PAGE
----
In the middle of a devastating climate crisis: DanChurchAid turns the past into action

“We are not only facing a climate crisis, we are also facing an unfair crisis. Those with historic responsibility for global warming, should turn their past into action.” 

Climate change is creating an unprecedented crisis in Nepal's high mountains. Photo: Nepal Climate Change & Development Portal

NL Today

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DanChurchAid, a significant development organization in the world, calculated its historic climate footprint and takes responsibility by capturing greenhouse gas emissions through 100 years of development operations.

In addition, the organization sets new and ambitious standards to reduce all future emissions.

“In DanChurchAid we are firsthand witnesses to how climate change displaces and causes food insecurity for millions of people worldwide. For us, the obvious thing is to set an example and to pioneer new standards of climate responsibility,” says the General Secretary of DanChurchAid, Birgitte Qvist-Sørensen. “We take responsibility for our historical emissions and invest in climate adaptation and tree planting in developing countries. It benefits people who are already facing severe droughts, floods, and extreme weather due to climate change.”

As the first major development organization in the world, DanChurchAid has calculated its carbon footprint for the last 100 years and takes responsibility for historical and future emissions. The pioneer initiative is launched at the climate summit, COP27, in Egypt.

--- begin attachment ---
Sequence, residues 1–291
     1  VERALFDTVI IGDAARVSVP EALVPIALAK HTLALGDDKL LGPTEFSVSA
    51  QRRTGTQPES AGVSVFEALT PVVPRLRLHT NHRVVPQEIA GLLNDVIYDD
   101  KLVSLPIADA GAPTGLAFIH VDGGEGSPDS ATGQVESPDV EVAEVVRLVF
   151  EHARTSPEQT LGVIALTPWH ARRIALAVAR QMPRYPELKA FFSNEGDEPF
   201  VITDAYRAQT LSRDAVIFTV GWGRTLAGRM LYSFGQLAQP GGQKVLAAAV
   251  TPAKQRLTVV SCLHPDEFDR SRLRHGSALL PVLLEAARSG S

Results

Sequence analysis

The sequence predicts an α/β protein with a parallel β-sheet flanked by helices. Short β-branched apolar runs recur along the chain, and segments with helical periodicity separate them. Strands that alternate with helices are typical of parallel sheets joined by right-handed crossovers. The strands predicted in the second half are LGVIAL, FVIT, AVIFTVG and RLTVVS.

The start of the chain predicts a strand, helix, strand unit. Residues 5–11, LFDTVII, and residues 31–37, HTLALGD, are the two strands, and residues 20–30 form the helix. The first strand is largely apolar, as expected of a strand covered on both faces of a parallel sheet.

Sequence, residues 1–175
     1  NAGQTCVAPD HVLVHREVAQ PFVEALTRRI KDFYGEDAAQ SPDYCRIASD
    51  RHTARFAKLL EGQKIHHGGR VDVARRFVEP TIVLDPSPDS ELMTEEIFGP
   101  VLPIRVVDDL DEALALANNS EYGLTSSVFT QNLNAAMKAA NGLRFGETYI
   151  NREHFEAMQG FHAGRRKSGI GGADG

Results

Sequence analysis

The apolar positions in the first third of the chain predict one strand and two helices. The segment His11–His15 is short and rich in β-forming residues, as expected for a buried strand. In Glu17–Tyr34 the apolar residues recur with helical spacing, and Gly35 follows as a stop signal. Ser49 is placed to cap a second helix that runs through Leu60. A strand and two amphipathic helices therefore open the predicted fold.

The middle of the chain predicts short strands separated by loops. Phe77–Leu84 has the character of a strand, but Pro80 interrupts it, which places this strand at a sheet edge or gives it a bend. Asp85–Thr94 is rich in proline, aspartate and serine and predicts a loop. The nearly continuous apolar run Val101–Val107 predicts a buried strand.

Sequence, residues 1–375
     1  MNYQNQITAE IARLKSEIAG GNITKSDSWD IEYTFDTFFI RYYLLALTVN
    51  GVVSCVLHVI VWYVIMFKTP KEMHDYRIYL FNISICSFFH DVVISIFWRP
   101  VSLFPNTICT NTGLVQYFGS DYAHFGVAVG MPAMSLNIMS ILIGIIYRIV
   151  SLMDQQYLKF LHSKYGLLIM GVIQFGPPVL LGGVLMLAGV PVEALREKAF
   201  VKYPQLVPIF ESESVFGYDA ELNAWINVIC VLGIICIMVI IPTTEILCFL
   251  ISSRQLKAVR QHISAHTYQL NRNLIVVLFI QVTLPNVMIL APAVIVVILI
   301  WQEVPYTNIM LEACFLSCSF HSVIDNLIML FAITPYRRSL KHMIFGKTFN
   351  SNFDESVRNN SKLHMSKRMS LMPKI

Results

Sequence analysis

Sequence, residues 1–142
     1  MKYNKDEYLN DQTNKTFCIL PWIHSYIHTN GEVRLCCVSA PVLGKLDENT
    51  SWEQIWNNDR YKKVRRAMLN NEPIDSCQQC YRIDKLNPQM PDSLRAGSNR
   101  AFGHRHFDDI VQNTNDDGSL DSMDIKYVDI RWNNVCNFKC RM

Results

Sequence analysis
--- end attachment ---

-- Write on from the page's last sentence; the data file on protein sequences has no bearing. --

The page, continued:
DanChurchAid has, through its 100 years as a development organization, emitted around 165.000 tons of CO2 into the atmosphere by coordinating airlifts, clearing landmines, supporting partners with their efforts to build resilience and local development, running secondhand shops etc.

DanChurchAid is now investing in climate adaptation and loss and damage, and planting 280.000 trees to account for our historic emissions. The initiative is launched as an integrated part of development work benefitting smallholder farmers and Ugandan communities.

“Of course, it is difficult to make up for the full climate misdeeds of the past. But we can estimate past emissions and do as much as we can, by investing in climate adaptation and tree planting for the benefit of people in developing countries. They pay the highest price for climate change in which they have the smallest stake,” adds Birgitte Qvist-Sørensen.

Historic responsibility is an underlying topic at the ongoing UN climate talks at COP27 in Egypt. Developing countries and NGOs are calling for climate justice, urging developed countries to deliver on their historic responsibility.

“With this historic initiative, we acknowledge our part of climate responsibility. We hope to inspire others around the world to aim for the same high standards. We present the initiative at the climate summit, COP27, in Egypt and urge the developed countries to live up to their historic responsibility and raise climate finance to the developing countries,” elaborates General Secretary, Birgitte Qvist-Sørensen.